Did John send two of his disciples to Jesus for his own sake or for the sake of his disciples?
John was filled with the holy spirit from his mother's womb. Miraculously, he identified Jesus as Lord and Messiah even before either was born. (Luke 1:15, 41-45) At Jesus' baptism, John saw the holy spirit descend and identify Jesus. He also received a supernatural revelation when he heard God's own voice declare that Jesus is the beloved Son of God. (Matthew 3:17) John had pointed others to Jesus as the Messiah many times and had given frequent testimonies that he was the Lamb of God and bridegroom of his church. "I have seen and have borne witness that this is the Son of God," he said. (John 1:34) So it seems highly unlikely that John sent the disciples to Jesus for the sake of his own belief and faith.
John was in prison and his disciples may have begun to have doubts about his ministry and message. Jesus' own disciples experienced similar difficulty when Jesus finally got through to them that he himself was going to be executed. John apparently wanted his disciples to be fully persuaded by experiencing firsthand that what he had been saying about Jesus was totally true.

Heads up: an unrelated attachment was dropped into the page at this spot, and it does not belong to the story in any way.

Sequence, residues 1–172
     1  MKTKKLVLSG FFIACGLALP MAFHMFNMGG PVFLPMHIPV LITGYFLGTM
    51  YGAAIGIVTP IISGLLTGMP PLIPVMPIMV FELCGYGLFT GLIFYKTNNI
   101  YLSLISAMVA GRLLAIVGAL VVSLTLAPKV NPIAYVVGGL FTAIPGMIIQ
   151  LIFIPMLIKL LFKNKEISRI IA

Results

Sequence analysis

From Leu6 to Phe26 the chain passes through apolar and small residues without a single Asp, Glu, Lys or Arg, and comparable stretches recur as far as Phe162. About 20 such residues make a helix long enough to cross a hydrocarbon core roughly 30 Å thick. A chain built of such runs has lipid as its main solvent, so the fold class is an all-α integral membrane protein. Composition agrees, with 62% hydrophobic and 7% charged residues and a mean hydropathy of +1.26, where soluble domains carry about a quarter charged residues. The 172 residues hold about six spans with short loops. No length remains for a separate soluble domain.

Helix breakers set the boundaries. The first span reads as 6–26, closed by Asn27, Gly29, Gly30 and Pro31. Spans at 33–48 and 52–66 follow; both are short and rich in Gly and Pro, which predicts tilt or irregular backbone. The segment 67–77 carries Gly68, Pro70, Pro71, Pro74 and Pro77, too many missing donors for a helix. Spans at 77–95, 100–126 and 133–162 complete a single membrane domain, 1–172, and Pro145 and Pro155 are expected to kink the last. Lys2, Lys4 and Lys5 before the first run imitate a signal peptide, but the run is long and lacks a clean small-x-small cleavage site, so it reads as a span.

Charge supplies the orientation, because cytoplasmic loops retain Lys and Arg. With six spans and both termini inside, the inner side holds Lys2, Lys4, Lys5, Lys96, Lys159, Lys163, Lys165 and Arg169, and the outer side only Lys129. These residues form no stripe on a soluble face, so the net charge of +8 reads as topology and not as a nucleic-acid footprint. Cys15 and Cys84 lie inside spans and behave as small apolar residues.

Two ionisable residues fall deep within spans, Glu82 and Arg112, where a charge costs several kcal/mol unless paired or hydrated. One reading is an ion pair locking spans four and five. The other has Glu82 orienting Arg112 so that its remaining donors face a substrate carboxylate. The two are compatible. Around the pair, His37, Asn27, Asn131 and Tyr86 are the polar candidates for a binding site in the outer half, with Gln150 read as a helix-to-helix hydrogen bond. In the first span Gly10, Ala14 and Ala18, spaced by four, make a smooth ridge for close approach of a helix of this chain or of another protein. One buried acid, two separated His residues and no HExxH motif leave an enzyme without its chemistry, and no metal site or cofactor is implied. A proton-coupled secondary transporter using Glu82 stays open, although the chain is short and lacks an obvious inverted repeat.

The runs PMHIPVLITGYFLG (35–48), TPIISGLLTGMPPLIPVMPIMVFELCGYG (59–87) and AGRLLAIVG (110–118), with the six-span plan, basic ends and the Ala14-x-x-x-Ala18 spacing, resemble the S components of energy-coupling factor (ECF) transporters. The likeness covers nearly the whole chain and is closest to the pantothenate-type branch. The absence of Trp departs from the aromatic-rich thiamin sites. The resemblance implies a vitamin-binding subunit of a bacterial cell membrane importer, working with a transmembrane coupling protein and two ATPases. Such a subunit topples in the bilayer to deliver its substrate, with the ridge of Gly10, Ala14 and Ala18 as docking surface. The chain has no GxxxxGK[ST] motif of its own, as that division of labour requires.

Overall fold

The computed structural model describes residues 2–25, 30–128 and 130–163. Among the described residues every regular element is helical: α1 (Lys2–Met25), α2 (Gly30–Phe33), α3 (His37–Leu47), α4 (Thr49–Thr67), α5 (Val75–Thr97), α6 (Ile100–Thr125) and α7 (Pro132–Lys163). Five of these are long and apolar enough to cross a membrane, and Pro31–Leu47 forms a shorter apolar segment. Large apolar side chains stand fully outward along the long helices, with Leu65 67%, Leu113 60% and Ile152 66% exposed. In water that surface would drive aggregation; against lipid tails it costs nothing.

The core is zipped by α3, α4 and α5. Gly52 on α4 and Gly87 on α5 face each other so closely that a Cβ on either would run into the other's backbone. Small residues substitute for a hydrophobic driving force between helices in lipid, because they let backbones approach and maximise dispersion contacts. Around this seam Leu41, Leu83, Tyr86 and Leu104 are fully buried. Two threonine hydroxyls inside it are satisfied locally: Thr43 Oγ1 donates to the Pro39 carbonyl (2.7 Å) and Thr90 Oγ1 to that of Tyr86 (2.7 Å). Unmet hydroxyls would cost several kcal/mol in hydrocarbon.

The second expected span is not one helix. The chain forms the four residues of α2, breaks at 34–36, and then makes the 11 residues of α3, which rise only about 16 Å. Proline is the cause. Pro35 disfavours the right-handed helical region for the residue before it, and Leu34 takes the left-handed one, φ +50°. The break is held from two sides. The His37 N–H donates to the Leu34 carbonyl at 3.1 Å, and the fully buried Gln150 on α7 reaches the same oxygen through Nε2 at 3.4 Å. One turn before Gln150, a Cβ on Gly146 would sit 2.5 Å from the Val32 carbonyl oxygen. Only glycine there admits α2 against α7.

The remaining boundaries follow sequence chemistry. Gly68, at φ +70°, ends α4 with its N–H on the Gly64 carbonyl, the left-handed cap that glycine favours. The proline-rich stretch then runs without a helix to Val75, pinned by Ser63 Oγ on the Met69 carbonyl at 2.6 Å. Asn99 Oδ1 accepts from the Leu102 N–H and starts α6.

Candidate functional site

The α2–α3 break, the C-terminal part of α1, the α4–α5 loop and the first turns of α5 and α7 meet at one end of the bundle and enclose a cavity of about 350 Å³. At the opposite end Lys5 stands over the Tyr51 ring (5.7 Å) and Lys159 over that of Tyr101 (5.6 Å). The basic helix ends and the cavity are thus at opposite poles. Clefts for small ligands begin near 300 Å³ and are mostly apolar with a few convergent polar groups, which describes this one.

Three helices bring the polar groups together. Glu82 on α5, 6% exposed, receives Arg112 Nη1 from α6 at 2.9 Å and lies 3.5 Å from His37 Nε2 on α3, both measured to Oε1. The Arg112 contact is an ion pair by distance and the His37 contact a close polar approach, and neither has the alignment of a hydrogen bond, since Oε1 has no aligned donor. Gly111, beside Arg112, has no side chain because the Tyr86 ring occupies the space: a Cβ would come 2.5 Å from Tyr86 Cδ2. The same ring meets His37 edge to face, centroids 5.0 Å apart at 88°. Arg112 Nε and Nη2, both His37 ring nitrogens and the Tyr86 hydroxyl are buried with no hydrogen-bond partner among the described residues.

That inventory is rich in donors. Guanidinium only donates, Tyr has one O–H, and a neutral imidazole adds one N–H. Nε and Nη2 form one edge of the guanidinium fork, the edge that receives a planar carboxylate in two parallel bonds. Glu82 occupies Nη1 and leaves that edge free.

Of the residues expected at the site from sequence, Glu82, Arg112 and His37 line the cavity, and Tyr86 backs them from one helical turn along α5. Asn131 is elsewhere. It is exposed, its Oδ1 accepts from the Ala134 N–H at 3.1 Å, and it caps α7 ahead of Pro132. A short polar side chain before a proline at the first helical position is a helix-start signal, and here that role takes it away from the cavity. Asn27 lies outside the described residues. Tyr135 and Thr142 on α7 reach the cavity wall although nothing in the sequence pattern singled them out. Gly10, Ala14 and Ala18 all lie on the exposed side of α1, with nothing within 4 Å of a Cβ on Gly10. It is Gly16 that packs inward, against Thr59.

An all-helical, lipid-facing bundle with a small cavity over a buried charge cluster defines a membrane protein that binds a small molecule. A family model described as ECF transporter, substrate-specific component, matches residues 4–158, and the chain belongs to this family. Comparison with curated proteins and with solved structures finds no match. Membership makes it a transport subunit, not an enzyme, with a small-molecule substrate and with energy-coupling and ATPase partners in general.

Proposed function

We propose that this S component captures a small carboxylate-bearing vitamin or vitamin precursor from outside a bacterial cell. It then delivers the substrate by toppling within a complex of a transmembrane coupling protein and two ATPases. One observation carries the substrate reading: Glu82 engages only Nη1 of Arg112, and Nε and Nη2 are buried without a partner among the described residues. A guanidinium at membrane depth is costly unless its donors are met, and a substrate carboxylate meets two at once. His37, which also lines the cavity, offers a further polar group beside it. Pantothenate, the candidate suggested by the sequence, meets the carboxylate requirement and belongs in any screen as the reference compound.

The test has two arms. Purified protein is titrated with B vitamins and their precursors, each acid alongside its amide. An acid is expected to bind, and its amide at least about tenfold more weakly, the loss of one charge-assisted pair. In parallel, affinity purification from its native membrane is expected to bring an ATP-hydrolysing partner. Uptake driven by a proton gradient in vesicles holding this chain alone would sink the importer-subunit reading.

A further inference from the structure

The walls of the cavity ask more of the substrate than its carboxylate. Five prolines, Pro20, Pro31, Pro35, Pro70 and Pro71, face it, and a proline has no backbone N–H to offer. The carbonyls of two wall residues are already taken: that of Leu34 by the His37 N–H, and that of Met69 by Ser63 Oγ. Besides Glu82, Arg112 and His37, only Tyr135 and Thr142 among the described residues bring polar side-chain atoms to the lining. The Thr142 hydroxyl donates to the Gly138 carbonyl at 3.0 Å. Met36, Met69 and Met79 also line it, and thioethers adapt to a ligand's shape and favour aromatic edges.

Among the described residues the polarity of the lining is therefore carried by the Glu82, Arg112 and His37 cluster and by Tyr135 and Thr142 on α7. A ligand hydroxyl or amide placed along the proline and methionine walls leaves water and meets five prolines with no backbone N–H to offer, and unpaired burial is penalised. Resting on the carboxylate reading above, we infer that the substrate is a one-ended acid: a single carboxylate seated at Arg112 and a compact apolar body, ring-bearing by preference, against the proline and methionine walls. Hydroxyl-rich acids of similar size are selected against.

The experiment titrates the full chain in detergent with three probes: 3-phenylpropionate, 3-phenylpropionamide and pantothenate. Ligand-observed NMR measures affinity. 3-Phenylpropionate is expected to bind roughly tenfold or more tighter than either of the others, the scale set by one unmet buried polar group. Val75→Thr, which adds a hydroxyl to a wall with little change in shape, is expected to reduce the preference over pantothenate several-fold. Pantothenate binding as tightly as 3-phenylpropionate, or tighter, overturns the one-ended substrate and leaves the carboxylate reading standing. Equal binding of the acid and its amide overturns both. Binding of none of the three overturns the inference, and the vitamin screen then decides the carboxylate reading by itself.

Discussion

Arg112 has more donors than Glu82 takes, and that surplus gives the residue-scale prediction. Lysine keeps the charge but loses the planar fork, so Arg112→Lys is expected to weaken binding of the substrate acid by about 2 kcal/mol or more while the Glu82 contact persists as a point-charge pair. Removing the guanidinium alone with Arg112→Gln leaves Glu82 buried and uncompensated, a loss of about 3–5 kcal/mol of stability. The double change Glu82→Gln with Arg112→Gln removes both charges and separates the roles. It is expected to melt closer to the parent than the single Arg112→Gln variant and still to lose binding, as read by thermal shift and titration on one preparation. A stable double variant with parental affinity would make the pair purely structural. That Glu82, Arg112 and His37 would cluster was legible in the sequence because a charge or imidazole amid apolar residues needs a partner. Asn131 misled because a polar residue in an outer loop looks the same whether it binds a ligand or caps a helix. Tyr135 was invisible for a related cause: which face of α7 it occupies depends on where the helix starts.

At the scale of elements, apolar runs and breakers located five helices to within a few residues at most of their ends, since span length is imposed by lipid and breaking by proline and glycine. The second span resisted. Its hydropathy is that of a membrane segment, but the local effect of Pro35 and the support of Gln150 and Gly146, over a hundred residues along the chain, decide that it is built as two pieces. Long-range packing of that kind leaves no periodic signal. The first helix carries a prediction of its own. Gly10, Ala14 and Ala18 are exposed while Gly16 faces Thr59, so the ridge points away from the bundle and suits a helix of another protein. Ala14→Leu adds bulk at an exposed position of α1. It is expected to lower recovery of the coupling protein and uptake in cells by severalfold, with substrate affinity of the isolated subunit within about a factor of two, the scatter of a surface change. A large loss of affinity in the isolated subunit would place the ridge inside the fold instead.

It is incomprehensible that John himself was experiencing doubts. If he was, then Jesus' praise of him after the disciples left would have been meaningless. He spoke highly of John as a powerful man of God, telling the people that there was no one greater and that John was not a weak person who could be easily blown about by changing circumstances. How pathetic a figure John would have been if, after pointing thousands to Christ, he eventually entertained doubts about the message concerning Christ that God had sent him to preach! Such doubts would surely have been an embarrassment to the multitudes led by John to repentance and baptism, and they would have been an embarrassment to Jesus himself.
Being full of the holy spirit, John possibly knew that he was soon going to be executed. He had led others to Christ, but some men had chosen instead to remain behind as John's own disciples. John had put forth an earlier effort to persuade them that Jesus and not he himself was the Messiah. (John 3:25-36) They did not see themselves as disciples of Jesus but preferred to be known as belonging to John. (Matthew 9:14) John wanted them to attach themselves to Christ rather than be left bewildered and disappointed when John was no longer around to spiritually lead and sustain them. Interestingly, after John had been beheaded, "his disciples came and took away the body and buried it; and they went and reported to Jesus." (Matthew 14:12) The very fact that these disciples, now that their master had been murdered, reported this to Jesus would seem to indicate that they finally believed in him fully.